Hawaiian word for food is "mea`ai." In ancient Hawai`i,
local agriculture was primarily grown on the islands. From the
mountains to the ocean, a valley was organized to optimize the
land for farming and general production. Reaching into the ocean,
some communities had large fish ponds bordered by lava rocks.
Notre Dame's Lu`au, the Hawai`i Club attempts to hold true to
the Hawaiian culture and tradition, but due to the challenges
of managing pershiable items, we are unable to provide sampling
of many of our local flavors. The majority of the food served
at lu`au is authentic and native, but some dishes were introduced
to the islands under the influence of foreign visitors.
Menu for Luau 2012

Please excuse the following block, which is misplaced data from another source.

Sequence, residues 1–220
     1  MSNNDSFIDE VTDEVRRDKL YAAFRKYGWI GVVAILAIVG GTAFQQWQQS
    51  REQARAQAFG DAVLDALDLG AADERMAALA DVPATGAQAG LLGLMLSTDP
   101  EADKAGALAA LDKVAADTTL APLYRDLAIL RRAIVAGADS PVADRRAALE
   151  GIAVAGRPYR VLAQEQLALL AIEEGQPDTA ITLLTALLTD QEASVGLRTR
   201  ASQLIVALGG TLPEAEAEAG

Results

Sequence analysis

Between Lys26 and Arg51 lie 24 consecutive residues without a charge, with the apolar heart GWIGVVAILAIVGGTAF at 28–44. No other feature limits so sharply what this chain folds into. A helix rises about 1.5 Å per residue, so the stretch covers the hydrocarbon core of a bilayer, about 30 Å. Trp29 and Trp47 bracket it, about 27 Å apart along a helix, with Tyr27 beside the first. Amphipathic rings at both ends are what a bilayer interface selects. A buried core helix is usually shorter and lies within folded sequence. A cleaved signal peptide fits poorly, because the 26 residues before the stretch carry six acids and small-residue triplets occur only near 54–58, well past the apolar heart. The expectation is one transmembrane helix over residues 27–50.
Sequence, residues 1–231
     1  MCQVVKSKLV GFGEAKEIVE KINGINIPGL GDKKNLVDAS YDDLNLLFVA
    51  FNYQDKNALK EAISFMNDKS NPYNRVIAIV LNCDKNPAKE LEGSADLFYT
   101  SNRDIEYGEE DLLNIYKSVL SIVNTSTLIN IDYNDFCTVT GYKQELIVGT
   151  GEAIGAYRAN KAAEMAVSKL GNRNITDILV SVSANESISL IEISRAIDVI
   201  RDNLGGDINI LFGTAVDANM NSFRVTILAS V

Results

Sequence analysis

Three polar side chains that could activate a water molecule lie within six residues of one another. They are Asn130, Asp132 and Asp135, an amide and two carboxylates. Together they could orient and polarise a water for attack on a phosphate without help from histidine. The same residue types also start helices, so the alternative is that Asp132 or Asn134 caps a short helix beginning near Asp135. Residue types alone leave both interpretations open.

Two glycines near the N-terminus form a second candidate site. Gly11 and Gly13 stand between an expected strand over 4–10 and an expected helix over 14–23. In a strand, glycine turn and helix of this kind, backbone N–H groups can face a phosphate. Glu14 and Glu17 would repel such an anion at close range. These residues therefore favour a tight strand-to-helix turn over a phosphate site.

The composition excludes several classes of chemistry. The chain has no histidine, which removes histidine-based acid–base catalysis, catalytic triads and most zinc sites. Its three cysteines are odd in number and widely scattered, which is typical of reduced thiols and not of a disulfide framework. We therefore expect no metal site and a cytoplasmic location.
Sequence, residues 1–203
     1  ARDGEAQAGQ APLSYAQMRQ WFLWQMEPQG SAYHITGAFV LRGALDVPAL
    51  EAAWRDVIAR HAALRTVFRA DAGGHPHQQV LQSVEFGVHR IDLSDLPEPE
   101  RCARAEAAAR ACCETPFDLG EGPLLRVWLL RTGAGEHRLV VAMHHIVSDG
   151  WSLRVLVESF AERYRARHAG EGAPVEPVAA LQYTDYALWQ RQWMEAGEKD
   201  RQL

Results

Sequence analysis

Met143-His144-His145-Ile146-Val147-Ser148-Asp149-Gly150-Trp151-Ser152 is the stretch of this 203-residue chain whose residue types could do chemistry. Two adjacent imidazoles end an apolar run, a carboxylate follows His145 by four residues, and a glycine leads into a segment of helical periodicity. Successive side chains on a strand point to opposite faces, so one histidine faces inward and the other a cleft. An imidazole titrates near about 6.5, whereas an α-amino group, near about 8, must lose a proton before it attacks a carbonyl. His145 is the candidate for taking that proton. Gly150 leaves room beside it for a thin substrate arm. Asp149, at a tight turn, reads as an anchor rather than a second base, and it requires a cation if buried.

Juicy chicken thighs are marinated
overnight to infuse the delightful tastes of shoyu and are
then slow-cooked to perfection ensuring that the meat falls
off the bones upon consumption.
A bright crunch of tomato, onions,
and salted salmon. The "lomilomi" in the name
comes from the technique that is used in its preparation.
To mix the ingredients, they are gently massaged to break
apart the tomato and tenderize the salmon. A gentle touch
of Hawaiian rock salt is also added for flavor.
Traditionally, a full pig is steamed
overnight in an underground oven, known as an "imu."
The pig is cut into sections and the meat is pulled in to
small, edible pieces. Now days, sections of pig are roasted
in the oven and then pulled apart using forks.
This dessert item is often the highlight
of lu`au. The best way to describe this refreshing dish
is as coconut pudding. Fresh squeed coconuts are mixed with
starch and set to cool overnight. The next day, the solid
coconut pudding is served as part of the main course at